INDIANAPOLIS, Ind. – Jacoby Brissett and the offense had to share post-game kudos Sunday at Lucas Oil Stadium.
Frank Reich found himself searching for the proper description of the Indianapolis Colts’ 30-23 win over the Houston Texans. He finally found it.
“The only word I can come up with is this was the consummate team win,’’ he said. “I mean this was the consummate team win. It really felt like that and that gives us some energy.
“I mean that’s obviously a big game against a very good football team, against a well-coached team, but you know, we still got a long way to go.’’
Consummate team win indeed.
Brissett passed for 326 yards and four touchdowns – both career highs – and the offense generated a season-high 383 yards. Most important, the offense went 4-for-4 in red-zone trips.
And that brings us to the defense. Among its highlights was holding the Texans to 2-for-5 in the red zone. In the first half, the defense limited Houston to 47-, 31- and 26-yard Ka’imi Fairbairn field goals after it had reached the 14-, 4- and 8-yard lines.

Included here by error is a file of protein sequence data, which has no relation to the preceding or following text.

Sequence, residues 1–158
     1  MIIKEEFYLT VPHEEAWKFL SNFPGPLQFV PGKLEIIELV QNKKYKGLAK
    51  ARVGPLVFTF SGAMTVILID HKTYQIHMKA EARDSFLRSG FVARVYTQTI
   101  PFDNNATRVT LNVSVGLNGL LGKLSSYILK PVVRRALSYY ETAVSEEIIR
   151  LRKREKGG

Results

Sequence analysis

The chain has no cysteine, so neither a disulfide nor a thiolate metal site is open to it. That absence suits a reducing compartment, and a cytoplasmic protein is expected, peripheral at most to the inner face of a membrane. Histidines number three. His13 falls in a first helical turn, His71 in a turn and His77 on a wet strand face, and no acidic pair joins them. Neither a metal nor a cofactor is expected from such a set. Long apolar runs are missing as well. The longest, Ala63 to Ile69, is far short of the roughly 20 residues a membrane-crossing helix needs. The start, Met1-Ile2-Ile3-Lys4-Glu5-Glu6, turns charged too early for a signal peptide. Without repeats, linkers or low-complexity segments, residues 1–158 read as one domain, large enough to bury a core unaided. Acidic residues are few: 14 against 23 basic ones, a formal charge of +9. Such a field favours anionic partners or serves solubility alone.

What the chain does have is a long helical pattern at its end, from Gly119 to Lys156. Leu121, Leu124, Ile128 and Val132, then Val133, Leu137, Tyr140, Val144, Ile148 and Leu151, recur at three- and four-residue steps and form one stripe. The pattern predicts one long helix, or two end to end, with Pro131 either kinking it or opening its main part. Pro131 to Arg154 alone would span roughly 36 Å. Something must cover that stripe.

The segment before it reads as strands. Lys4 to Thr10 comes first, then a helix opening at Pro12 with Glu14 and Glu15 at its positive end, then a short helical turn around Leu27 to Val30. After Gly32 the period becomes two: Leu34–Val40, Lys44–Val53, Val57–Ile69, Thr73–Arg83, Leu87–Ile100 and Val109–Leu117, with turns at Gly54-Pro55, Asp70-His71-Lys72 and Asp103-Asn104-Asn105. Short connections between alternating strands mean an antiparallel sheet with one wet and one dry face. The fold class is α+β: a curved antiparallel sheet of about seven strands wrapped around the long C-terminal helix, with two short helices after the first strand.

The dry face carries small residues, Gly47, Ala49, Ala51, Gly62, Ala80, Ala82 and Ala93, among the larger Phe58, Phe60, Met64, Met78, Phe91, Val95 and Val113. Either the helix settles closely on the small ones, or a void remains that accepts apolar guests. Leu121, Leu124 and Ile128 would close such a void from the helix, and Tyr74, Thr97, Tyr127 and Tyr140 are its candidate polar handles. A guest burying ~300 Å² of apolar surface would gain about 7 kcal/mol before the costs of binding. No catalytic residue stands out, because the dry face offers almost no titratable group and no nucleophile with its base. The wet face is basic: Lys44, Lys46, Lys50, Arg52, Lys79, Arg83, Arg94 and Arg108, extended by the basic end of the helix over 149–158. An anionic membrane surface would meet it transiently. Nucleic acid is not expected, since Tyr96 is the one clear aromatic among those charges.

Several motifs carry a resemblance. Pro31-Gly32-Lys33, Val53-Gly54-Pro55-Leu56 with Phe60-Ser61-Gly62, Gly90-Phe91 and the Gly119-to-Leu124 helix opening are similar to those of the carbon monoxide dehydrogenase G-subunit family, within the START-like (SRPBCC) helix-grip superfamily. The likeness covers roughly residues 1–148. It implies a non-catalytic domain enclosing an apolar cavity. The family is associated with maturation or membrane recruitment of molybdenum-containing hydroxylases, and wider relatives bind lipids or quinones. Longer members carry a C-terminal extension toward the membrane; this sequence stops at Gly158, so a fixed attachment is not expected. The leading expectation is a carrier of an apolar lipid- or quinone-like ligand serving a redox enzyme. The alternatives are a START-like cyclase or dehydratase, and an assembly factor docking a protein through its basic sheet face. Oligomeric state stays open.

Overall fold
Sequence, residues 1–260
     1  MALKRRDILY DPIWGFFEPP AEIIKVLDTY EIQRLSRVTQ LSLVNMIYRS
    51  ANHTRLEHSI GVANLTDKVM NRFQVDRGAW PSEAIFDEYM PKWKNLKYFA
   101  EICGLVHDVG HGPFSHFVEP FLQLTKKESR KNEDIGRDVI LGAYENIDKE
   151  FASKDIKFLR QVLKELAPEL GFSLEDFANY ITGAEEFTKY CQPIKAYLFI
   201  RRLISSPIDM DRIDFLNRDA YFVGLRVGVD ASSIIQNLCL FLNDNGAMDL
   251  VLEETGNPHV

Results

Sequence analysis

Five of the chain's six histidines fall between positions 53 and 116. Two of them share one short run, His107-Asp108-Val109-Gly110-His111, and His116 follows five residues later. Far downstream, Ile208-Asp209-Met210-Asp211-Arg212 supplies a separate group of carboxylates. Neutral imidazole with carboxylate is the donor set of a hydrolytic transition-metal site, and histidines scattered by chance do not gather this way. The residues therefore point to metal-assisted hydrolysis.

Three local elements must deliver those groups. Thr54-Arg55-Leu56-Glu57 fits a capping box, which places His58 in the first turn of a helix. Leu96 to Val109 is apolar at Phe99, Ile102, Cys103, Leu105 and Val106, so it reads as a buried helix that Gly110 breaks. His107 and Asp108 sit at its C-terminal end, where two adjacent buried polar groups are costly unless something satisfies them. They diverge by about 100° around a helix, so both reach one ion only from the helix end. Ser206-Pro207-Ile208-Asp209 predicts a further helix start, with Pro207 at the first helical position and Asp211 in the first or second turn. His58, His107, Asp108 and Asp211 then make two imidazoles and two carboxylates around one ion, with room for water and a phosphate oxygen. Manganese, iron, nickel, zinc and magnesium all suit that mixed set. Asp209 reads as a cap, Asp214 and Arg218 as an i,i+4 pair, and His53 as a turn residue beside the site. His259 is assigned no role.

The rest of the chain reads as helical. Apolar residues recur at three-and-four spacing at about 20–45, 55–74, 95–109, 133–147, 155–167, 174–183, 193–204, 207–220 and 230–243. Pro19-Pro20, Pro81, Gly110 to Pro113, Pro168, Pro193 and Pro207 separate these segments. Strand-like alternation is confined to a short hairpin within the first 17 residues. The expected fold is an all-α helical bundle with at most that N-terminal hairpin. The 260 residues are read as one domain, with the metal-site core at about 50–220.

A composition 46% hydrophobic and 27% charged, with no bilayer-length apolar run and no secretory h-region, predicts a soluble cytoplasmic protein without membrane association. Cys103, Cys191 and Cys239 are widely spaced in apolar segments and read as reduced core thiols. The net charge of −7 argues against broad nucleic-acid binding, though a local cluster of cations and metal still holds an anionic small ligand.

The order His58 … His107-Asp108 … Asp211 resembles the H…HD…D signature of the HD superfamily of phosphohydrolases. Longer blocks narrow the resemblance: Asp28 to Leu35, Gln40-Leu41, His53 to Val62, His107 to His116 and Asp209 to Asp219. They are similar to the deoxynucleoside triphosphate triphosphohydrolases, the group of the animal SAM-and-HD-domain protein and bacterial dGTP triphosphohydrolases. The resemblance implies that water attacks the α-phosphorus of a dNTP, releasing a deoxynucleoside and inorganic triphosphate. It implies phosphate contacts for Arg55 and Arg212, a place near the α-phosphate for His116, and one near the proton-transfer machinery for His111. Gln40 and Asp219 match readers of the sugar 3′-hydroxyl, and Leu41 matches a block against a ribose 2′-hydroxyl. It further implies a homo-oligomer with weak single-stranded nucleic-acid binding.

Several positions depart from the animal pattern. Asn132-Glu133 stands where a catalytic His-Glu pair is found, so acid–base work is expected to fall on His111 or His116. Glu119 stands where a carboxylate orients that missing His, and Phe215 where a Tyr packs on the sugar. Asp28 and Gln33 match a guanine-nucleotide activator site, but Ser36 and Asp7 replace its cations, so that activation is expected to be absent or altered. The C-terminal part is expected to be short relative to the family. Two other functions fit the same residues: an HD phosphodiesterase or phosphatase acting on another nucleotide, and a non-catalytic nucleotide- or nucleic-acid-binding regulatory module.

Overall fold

The defense basically bailed out the offense on the first two red-zone situations.
Reich opted to go for it on fourth-and-1 at his own 45 early in the second quarter, and that failed when Marlon Mack took a pitch to the left and was smothered for no gain. Despite the short field, the Texans settled for the first of Fairbairn’s field goals.
Reich second-guessed himself on the play call, not the decision.
“That’s a bad call,’’ he said. “Just trust out offensive line up front, just plow it back in there and live and die with that if you’re going to go for it.
“So that was on me and the defense got my back, got our back and held them to a field goal.’’
On the Colts’ next possession, Brissett dropped a shotgun snap from Ryan Kelly, Whitney Mercilus recovered and the Texans were in business with a first-and-goal at the 4. But on third-and-goal, Jabaal Sheard applied pressure on Deshaun Watson and Justin Houston came up with the first of his two sacks. Houston’s sack came when the officials ruled Watson was in his grasp, negating a possible touchdown pass to DeAndre Hopkins.
“He said I was down. I don’t know,’’ Watson said. “You watch the tape of all the plays that I stand and make plays, especially in the red zone . . . he said he was trying to protect my health so it goes back and forth.